How Does a Taxpayer Become a Qualified Semiconductor Company?

Taxpayers must apply to the Oregon Business Development Department, also known as Business Oregon, annually to be certified as a qualified semiconductor company and pay a related fee.

The application must include a description of how the taxpayer meets the definition of a qualified semiconductor company as well as how proposed research and development will support the taxpayer in conducting a business or trade directly related to semiconductors. The form, manner, and fees related to this application are to be developed by Business Oregon.

What Are the Limitations of Claiming the Credit?

The credit is limited to $4 million for any taxpayer. The total amount of tax credits for all qualified semiconductor companies may not exceed:

  • $35 million for the biennium beginning July 1, 2023
  • $80 million for the biennium beginning July 1, 2025
  • $90 million for the biennium beginning July 1, 2027
  • $50 million for the fiscal year beginning July 1, 2029

Expenses or payments otherwise deductible are reduced by the amount of the credit claimed.

The semiconductor R&D credit may be carried forward for five years.

What Amount of the Credit Is Refundable?

The semiconductor R&D credit is refundable for qualified semiconductor companies with less than 3,000 Oregon employees. The amount that can be refunded depends on the number of Oregon employees, with smaller companies eligible for larger refund percentages.

How much of the credit can be refunded based on number of employees

The refund is applied when the sum of the semiconductor R&D credit, estimated payments, prepayments, and other refundable credits exceed a taxpayer’s tax liability after application of nonrefundable credits. Amounts ineligible for refund may be carried forward for five years.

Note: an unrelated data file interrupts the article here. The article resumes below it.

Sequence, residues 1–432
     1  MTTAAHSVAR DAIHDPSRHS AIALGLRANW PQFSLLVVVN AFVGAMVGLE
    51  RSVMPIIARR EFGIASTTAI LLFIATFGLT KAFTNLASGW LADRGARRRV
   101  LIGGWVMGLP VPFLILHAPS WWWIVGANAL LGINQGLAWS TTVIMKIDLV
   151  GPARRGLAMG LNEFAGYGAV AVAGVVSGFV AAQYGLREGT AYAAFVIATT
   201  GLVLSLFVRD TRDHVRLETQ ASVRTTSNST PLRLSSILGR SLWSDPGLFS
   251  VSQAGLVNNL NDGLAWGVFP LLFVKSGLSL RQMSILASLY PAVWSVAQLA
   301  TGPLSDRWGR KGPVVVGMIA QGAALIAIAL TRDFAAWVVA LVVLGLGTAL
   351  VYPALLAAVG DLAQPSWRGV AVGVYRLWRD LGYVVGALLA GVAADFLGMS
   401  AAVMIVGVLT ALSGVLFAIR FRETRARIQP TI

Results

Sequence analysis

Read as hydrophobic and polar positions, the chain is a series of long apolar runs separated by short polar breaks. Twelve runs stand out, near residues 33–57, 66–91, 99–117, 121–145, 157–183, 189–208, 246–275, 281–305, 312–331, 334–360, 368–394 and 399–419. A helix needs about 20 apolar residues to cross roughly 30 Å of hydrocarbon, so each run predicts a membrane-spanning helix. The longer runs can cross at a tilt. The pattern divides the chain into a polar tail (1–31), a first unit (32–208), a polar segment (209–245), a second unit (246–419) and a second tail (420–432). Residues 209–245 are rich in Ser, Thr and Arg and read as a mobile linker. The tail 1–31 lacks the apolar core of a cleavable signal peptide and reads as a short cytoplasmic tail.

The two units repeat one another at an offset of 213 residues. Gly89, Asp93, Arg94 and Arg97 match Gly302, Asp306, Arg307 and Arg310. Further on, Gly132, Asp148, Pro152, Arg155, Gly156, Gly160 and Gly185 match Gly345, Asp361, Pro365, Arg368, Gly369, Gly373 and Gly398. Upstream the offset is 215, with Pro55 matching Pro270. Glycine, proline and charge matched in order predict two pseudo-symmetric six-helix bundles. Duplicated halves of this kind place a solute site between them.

The refundable portion of a credit may also be used to offset the corporate minimum tax, with any excess amount still eligible to be refunded.

Is There an Application Process to Claim the Credit?

Taxpayers intending to claim the credit for 2024 must register with Business Oregon by December 1, 2023. Business Oregon will provide preliminary confirmations of credits by December 31, 2023.

The registration form or process hasn’t been issued yet, but the law would require taxpayers to include documentation of their qualified research expenses and basic research expenses averaged over the three preceding calendar years and a projection of 2024 qualified research expenses and basic research expenses.

Oregon’s new R&D credit is limited to semiconductor companies but is related to the federal credit, which makes it important for companies to develop a customized project plan to identify, calculate, and support R&D credits and activities for both state and federal income tax purposes.

We’re Here to Help

Contact a Moss Adams professional to discuss increasing your federal and state R&D credits, as well as whether you qualify for this new Oregon credit.